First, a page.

Charith is a doctoral researcher at the Communication and Network Engineering Research Group (CNER) at the University of Manitoba. He is passionate about enhancing
the public understanding of engineering and technology. In his talk he will explain, how the current research in wireless communications will shape the future of global telecommunications
Dr. Enns worked as speech-language therapist before completing her doctoral degree in Educational Psychology. She is very interested in the relationship between language and learning, and specifically the language and literacy development of deaf students.
Mr. Overton founded a company in 2008 with the idea of developing a company to focus on sustainable food production and food-processing using advanced ecological concepts. Today his company works with farmers, corporations and municipalities across Canada transforming crop inputs and returning organic waste back to the earth.
At the age of six Daniel was forced to f lee his home in, what now is, South Sudan to join a rebel group which used children as soldiers. At age 13 he became a refugee at one of the biggest refugee camps in Kakuma refugee camp in Kenya. In 2008, Daniel was resettled in Canada through the WUSC Student Refugee Program where he studied at the University of Manitoba. Mr. Mach is a Mechanical Engineer working for the City of Winnipeg in the Water and Waste Department.
Dr. Baltes has been working on Intelligent Robots since 1996 and on humanoid robots since 2002. He is using robot athletes as benchmark problems for research. He is
the founder of the HuroCup competition - a decathlon for humanoid robots. His robot teams have won many awards at International robot competitions including HuroCup, RoboCup, IRC, and ICRA.
Dr. Mulvale worked in community development in social agencies in southern Ontario for a number of years. In 1999, he joined the University of Regina as a professor, and came to the University of Manitoba in 2013 as Dean of Social Work. His topic of basic (or guaranteed) income is a social policy idea that has been debated for decades in Canada, and has recently been very much in the political spotlight.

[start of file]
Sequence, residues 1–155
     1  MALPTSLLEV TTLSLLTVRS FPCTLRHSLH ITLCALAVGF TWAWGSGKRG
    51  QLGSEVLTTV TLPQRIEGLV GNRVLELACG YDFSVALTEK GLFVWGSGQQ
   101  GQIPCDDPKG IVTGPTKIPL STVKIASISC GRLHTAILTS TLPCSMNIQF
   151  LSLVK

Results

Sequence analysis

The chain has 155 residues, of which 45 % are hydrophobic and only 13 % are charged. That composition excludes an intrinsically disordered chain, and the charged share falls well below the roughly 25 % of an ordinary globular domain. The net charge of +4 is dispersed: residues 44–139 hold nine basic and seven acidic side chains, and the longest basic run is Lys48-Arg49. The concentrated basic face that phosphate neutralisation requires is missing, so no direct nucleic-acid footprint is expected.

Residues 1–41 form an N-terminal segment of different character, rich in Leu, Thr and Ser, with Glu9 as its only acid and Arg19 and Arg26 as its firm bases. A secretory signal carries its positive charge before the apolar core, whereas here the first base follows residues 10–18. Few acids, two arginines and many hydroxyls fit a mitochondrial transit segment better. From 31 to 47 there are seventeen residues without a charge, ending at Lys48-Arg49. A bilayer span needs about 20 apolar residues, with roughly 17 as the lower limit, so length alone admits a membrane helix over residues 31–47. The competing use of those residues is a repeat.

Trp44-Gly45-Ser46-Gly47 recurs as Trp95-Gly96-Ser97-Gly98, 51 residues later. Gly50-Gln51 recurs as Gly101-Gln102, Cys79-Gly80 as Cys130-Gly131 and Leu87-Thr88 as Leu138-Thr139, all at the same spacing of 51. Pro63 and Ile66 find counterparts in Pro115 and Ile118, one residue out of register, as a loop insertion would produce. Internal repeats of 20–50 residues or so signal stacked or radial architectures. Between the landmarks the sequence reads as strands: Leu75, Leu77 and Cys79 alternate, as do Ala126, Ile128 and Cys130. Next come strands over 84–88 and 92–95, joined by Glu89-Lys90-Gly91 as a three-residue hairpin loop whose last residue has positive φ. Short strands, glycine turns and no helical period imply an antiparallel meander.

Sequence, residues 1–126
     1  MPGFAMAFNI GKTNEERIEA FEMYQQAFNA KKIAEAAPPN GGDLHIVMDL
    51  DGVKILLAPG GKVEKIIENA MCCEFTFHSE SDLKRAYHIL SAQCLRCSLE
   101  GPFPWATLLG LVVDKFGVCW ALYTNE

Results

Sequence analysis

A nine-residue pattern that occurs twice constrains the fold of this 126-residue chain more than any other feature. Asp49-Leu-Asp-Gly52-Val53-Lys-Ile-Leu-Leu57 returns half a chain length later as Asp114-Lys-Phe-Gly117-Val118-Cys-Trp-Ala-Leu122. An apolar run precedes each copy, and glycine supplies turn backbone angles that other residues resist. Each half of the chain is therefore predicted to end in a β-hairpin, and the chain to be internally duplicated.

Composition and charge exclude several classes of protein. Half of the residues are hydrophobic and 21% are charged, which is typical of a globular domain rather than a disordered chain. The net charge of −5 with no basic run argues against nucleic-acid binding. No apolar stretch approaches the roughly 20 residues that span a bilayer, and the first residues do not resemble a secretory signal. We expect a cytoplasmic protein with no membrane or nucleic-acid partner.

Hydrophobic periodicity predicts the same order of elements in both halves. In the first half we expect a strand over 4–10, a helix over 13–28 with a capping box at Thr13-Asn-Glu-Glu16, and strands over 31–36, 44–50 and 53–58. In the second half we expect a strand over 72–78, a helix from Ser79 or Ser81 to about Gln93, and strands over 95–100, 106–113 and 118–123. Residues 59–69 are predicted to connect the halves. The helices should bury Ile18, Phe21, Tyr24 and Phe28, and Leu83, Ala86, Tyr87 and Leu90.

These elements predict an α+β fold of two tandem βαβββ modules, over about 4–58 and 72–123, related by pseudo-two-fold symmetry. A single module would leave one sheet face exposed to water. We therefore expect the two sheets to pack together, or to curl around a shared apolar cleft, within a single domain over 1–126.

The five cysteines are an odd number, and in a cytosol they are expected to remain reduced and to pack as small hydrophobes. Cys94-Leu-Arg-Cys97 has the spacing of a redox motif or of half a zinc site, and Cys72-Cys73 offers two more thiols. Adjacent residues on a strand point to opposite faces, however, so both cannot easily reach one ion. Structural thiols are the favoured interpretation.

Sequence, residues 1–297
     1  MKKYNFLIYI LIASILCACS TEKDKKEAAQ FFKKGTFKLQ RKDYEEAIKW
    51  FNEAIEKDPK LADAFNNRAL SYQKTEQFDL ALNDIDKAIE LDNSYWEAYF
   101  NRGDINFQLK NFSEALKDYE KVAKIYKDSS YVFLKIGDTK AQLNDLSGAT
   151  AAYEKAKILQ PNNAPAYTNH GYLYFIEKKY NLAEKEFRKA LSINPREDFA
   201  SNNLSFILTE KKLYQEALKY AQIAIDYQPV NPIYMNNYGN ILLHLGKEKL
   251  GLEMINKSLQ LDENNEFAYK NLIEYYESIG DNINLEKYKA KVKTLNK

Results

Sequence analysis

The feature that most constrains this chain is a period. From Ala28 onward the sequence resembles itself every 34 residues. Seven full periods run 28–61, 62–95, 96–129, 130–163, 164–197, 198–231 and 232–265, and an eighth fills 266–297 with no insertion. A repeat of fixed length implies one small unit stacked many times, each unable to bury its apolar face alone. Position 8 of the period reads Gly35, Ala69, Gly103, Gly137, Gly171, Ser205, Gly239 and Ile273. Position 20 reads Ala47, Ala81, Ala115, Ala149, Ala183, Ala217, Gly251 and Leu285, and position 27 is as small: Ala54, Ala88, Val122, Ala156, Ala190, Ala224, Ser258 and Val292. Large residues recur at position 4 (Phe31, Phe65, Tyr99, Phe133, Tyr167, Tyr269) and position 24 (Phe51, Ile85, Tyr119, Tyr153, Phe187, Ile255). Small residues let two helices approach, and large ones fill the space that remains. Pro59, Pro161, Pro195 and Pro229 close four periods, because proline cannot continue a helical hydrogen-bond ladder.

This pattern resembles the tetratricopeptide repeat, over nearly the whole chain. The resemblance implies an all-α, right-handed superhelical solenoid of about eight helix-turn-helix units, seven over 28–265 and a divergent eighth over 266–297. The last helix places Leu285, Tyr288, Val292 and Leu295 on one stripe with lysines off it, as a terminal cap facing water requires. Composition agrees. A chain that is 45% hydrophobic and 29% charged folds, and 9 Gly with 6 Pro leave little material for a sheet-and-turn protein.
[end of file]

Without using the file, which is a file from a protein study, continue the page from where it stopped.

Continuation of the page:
Lindy is a growth catalyst. Her life and work has focused on helping others reach their fullest potential. Much of this work confronts failure head on, but both individuals and businesses are afraid to fail. It begs the question: how can we learn to fail better in order to draw ourselves closer to success?
Dr. Anderson DeCoteau is a Cree-Saulteaux physician working in predominantly administrative/ policy/ planning
type roles. She strives to ground mainstream systems approaches to Indigenous health in Indigenous rights, and Indigenous understandings and teachings around health, being healthy, and healingwhich sometimes requires
challenging definitions of science and evidence.of
Niigaanwewidam (James) Sinclair
Dr. Niigaanwewidam James Sinclair is Anishinaabe, originally from St. Peter’s (Little Peguis) Indian Settlement near Selkirk, Manitoba, and is an Associate Professor and current Head of the Department of Native Studies at the University of Manitoba.
Dr. Zahra Moussavi is a university professor in Biomedical Engineering, and a recipient of many distinguished awards. She has dedicated her life to teaching and research on Alzheimer’s diagnostic and treatment, as well as public education on Alzheimer’s disease. She has given 75 invited talks at
national and international levels on that topic.